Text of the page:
I received a publication today from Dance USA that was a compilation of dialogues at Jacobs's Pillow. While the material is primarily geared to presenting organizations, there is some very valuable information for the artists. Whether a creator or an interpretor of dance, knowing the audiences' and presenters' interests can be helpful.
And what does a presenting organization mean to a dancer? If you are a member of a small company, it can be the impetus for creating a new work or performing opportunity. For a larger company that already has an existing season, it can mean another week of work or another performance. Usually it involves traveling or touring.
Here are a couple of budget charts from the publication "Presenting Dance" by Mindy Levine.
Small company figures:
And of course larger company figures:
My husband- a retired dancer- has a great phrase about the economics of dance. He speaks about dance performance as being an experience "produced and consumed at the same moment." It is a wonderfully poetic image, but one that presents difficulty in raising funds to support the creation of dance.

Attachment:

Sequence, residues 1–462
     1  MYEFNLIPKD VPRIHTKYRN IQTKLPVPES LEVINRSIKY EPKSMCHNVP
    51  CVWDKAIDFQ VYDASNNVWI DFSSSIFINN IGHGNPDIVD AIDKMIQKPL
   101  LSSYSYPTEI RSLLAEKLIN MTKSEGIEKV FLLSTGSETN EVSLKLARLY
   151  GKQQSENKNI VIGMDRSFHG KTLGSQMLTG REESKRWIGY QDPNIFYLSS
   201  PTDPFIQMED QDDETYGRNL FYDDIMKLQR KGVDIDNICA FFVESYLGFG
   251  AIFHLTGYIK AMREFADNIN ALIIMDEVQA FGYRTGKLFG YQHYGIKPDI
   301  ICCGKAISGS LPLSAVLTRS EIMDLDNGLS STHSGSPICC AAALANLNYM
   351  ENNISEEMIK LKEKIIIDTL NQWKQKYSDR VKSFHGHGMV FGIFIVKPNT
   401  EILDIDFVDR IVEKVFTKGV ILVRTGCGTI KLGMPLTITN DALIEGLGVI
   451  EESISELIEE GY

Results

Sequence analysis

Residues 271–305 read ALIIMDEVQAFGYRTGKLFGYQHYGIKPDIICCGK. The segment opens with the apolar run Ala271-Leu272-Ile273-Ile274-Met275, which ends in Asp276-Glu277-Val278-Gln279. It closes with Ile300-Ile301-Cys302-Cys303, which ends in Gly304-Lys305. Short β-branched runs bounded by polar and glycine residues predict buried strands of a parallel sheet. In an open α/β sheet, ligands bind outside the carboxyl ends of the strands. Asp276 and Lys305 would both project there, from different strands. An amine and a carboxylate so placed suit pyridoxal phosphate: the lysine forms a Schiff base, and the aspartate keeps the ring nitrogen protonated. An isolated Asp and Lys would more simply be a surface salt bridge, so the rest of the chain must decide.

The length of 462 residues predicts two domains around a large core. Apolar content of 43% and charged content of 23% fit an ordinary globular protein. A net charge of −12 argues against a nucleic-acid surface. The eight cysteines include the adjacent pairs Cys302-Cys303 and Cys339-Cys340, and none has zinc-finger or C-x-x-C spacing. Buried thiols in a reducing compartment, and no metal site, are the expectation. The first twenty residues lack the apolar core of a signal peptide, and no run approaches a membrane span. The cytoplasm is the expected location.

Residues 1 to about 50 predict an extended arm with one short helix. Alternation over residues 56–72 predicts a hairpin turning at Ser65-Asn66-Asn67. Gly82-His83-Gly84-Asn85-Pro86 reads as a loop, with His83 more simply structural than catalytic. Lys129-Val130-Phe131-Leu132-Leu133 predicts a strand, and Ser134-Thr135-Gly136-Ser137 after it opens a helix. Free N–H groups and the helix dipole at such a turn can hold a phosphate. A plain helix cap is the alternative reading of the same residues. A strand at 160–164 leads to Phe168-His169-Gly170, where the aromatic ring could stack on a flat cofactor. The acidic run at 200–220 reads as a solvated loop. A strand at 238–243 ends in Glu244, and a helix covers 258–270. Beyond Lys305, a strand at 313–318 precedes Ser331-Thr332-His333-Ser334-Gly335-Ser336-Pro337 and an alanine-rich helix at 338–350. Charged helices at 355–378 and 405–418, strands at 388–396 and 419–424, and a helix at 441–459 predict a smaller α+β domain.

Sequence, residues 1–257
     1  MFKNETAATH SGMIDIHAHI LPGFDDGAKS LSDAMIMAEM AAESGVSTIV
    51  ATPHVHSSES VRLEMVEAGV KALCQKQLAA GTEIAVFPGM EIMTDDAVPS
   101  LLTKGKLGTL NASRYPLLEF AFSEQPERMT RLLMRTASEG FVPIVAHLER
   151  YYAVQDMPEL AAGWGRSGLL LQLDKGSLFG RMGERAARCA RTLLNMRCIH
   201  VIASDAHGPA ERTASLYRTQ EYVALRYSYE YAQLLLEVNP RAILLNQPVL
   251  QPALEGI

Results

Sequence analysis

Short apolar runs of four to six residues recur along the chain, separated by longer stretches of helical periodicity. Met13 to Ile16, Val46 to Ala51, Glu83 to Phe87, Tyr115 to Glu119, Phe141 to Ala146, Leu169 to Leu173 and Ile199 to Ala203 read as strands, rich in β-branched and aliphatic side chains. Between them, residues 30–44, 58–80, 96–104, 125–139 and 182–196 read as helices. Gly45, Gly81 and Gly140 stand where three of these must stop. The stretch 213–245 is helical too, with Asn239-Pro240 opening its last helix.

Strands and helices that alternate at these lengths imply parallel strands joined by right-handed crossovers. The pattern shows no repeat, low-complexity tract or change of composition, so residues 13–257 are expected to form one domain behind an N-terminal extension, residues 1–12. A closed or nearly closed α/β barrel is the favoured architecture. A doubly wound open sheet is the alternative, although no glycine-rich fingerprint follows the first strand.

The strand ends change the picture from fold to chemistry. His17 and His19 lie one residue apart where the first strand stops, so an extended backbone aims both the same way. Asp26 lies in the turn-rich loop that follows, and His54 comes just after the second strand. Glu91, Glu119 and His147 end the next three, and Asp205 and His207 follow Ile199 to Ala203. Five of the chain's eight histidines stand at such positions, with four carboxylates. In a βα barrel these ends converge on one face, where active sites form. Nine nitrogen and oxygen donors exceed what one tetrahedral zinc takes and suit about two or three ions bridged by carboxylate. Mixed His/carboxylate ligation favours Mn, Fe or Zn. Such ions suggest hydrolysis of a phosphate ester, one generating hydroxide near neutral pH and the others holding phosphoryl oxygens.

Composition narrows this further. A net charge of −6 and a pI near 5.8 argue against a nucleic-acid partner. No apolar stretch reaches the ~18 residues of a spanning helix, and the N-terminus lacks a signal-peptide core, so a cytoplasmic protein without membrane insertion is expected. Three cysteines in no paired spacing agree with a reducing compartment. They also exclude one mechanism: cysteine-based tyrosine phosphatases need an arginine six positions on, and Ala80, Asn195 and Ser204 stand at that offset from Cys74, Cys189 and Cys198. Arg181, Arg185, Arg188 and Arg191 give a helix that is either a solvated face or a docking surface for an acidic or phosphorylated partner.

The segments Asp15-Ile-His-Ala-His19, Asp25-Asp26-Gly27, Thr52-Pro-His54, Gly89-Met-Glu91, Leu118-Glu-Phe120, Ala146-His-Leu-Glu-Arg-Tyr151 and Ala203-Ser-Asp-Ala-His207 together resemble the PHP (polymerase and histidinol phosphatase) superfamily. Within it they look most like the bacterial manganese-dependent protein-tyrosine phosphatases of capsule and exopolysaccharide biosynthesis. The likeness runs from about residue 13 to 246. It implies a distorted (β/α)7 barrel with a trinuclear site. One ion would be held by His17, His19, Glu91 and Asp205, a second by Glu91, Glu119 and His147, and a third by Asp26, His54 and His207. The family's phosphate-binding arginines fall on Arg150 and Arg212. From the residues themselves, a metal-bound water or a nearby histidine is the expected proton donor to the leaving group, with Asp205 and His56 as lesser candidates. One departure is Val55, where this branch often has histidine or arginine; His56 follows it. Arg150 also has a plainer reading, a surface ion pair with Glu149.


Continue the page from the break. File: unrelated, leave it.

And what does this mean to a dancer? To me, it is inspiration that every performance needs to be better because it truly only exists once. Additionally, knowing the economics (to some degree) creates that opportunity for me to be an ambassador of my art and for the company in which I dance. To speak knowledgeably to donors and audience members about the need for support keeps my job vital.
We are the face of dance.
Another interesting set of figures- although not hot off the press!
As of September 2006, there are 76 dance companies in America with operating budgets of $1 million or more.
- 58 of these are ballet companies.
- 18 of these are modern/contemporary companies.
- 35 of these are currently members of Dance/USA.